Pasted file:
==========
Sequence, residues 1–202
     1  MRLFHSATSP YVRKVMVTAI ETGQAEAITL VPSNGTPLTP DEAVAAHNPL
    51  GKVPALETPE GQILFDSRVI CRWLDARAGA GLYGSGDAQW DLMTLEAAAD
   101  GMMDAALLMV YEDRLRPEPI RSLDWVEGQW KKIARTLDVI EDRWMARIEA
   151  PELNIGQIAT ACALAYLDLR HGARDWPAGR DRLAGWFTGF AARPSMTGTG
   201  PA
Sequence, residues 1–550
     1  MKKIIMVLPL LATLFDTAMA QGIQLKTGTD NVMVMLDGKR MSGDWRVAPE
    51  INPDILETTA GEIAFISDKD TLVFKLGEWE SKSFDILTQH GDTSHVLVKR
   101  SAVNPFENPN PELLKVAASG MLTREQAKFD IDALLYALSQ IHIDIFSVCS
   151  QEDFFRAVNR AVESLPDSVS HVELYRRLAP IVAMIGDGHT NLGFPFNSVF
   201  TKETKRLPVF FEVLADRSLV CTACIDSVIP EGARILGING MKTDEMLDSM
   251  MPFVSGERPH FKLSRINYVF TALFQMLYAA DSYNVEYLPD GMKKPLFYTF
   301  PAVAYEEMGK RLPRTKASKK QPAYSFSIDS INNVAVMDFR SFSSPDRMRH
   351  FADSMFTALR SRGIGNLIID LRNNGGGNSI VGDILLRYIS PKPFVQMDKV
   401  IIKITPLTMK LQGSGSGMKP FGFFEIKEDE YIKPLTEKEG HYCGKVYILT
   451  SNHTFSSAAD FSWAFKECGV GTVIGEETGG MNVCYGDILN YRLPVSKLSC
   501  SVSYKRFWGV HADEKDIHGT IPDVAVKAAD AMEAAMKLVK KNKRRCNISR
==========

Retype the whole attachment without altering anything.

Sequence, residues 1–202
     1  MRLFHSATSP YVRKVMVTAI ETGQAEAITL VPSNGTPLTP DEAVAAHNPL
    51  GKVPALETPE GQILFDSRVI CRWLDARAGA GLYGSGDAQW DLMTLEAAAD
   101  GMMDAALLMV YEDRLRPEPI RSLDWVEGQW KKIARTLDVI EDRWMARIEA
   151  PELNIGQIAT ACALAYLDLR HGARDWPAGR DRLAGWFTGF AARPSMTGTG
   201  PA
Sequence, residues 1–550
     1  MKKIIMVLPL LATLFDTAMA QGIQLKTGTD NVMVMLDGKR MSGDWRVAPE
    51  INPDILETTA GEIAFISDKD TLVFKLGEWE SKSFDILTQH GDTSHVLVKR
   101  SAVNPFENPN PELLKVAASG MLTREQAKFD IDALLYALSQ IHIDIFSVCS
   151  QEDFFRAVNR AVESLPDSVS HVELYRRLAP IVAMIGDGHT NLGFPFNSVF
   201  TKETKRLPVF FEVLADRSLV CTACIDSVIP EGARILGING MKTDEMLDSM
   251  MPFVSGERPH FKLSRINYVF TALFQMLYAA DSYNVEYLPD GMKKPLFYTF
   301  PAVAYEEMGK RLPRTKASKK QPAYSFSIDS INNVAVMDFR SFSSPDRMRH
   351  FADSMFTALR SRGIGNLIID LRNNGGGNSI VGDILLRYIS PKPFVQMDKV
   401  IIKITPLTMK LQGSGSGMKP FGFFEIKEDE YIKPLTEKEG HYCGKVYILT
   451  SNHTFSSAAD FSWAFKECGV GTVIGEETGG MNVCYGDILN YRLPVSKLSC
   501  SVSYKRFWGV HADEKDIHGT IPDVAVKAAD AMEAAMKLVK KNKRRCNISR